Any cognitive dissonance that may arise from watching Ben Kingsley – the actor who played Gandhi – interpret genocidal monster Adolf Eichmann dissipates quickly in ‘Operation Finale’: Kingsley delivers a complex and masterful performance, generating more empathy for a Nazi than you might expect. Oscar Isaac is effective as the Israeli agent on his tail in 1960s Argentina, and their weighty interactions at a safe house call to mind Clarice Starling’s early encounters with Hannibal Lecter – a younger agent battling a seasoned villain through a chess-like sequence of probing, dueling dialogues.
Still, Isaac can’t match Kingsley’s subtle bravado. And that one-sided power dynamic raises a thorny issue: What happens when your Nazi mastermind is the most compelling thing about a historical drama? In ‘Schindler’s List’, Steven Spielberg solved a similar challenge by leveraging rich, relatable performances from Kingsley and Liam Neeson against the hypnotic vitriol of Ralph Fiennes’s vicious lieutenant. But director Chris Weitz's ‘Operation Finale’ fails to offer a noble character who can offset the frightening charms of Kingsley's Eichmann (a fleeting exception: Simon Russell Beale’s 90 seconds as eloquent prime minister David Ben Gurion).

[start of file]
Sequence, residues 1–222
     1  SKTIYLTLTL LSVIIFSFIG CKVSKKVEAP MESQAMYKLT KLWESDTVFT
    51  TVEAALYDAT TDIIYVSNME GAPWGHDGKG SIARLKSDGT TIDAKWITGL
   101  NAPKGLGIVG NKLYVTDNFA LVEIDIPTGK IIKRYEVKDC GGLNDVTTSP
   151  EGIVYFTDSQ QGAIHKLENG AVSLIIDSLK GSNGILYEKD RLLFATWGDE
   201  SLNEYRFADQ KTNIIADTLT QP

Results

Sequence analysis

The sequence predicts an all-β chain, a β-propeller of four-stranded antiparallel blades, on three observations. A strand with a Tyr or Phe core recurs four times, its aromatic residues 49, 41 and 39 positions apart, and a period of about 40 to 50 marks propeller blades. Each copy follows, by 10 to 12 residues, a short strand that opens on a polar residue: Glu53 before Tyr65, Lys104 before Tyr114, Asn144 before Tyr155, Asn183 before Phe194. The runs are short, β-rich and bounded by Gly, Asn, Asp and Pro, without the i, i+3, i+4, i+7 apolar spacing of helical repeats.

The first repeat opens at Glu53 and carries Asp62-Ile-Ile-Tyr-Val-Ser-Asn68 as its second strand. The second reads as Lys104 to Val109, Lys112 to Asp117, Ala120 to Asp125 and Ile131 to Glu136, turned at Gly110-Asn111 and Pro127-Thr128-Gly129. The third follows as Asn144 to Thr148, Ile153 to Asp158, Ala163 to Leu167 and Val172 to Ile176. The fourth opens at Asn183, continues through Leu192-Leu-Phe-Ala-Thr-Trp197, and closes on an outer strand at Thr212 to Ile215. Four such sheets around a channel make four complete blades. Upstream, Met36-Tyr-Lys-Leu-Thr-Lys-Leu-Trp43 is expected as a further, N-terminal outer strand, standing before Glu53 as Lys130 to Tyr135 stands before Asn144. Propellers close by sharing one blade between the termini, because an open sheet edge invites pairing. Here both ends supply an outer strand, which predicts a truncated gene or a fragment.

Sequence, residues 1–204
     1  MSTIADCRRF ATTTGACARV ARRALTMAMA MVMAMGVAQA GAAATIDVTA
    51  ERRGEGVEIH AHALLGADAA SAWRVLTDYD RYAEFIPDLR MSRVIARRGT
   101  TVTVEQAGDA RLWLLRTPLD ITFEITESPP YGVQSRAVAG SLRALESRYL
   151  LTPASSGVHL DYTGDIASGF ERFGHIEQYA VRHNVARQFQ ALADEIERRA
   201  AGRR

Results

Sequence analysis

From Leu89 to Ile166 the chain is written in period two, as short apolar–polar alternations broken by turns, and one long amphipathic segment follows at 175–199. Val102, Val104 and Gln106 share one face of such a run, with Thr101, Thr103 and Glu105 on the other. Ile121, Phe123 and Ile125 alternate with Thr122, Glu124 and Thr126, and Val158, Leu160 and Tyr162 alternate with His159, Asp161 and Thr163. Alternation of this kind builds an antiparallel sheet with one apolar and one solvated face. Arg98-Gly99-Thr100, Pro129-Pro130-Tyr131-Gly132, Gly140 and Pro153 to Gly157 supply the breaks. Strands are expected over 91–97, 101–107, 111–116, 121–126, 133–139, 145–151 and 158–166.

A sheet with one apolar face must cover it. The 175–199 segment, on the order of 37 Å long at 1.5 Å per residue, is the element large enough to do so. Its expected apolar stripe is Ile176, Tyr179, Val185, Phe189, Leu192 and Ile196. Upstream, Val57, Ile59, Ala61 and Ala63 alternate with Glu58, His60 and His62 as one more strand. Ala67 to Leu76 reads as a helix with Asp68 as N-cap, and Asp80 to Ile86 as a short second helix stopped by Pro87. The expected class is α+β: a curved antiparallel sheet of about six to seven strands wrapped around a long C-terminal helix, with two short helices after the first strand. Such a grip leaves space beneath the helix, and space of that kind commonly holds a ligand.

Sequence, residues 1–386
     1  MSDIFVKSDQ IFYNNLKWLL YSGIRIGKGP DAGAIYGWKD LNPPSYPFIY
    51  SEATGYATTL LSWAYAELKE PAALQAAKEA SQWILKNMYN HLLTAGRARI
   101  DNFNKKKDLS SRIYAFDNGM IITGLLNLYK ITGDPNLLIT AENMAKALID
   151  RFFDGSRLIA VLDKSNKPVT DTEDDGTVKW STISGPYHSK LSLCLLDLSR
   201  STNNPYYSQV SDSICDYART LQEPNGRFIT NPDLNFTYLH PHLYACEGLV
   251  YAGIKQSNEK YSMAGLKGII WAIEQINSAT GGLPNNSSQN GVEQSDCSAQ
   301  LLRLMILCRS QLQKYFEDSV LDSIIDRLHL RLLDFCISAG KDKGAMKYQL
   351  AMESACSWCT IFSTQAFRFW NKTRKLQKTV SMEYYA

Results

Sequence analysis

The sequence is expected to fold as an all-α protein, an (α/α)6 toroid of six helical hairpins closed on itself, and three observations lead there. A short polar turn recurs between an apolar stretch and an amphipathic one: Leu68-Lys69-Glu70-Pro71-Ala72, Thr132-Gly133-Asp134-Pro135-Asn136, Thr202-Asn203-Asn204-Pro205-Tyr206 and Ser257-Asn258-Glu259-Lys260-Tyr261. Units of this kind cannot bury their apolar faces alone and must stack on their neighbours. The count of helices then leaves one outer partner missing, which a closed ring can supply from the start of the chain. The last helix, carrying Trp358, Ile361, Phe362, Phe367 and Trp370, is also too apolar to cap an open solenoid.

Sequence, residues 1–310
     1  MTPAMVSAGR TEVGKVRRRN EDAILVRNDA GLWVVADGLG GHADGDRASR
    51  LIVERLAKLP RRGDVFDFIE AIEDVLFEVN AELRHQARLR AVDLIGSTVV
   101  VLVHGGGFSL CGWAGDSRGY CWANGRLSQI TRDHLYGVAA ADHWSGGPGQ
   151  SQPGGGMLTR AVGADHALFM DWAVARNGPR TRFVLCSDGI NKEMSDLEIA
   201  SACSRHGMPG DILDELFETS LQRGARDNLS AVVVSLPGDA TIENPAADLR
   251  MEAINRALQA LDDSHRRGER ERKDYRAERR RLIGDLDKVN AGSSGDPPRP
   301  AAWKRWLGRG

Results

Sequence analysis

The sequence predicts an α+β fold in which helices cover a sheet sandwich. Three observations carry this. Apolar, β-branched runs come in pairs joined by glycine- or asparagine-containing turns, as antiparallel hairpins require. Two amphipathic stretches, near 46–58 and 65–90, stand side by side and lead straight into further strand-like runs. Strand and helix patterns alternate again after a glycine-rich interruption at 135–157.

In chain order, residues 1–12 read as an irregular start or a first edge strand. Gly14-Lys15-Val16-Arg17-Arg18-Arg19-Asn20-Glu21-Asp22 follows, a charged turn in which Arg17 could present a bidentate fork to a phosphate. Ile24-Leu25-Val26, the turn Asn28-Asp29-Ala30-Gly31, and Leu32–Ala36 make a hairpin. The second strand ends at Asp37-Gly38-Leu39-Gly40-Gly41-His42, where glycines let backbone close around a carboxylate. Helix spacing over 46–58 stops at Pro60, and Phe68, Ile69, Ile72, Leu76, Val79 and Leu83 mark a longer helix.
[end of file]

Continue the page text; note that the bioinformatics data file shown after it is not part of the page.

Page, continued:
The technical elements of the film are strong, and Alexandre Desplat’s score is outstanding, but the cast deserves a better script than first-timer Matthew Orton’s workmanlike effort. Rarely does the movie spark terror or raise the pulse; it is neither gripping nor ambivalent enough to command the respect of Spielberg’s similarly-themed ‘Munich’. But as a showdown of wits, it’s engaging enough, with Kingsley wrangling memorable nuance from an unlikely role.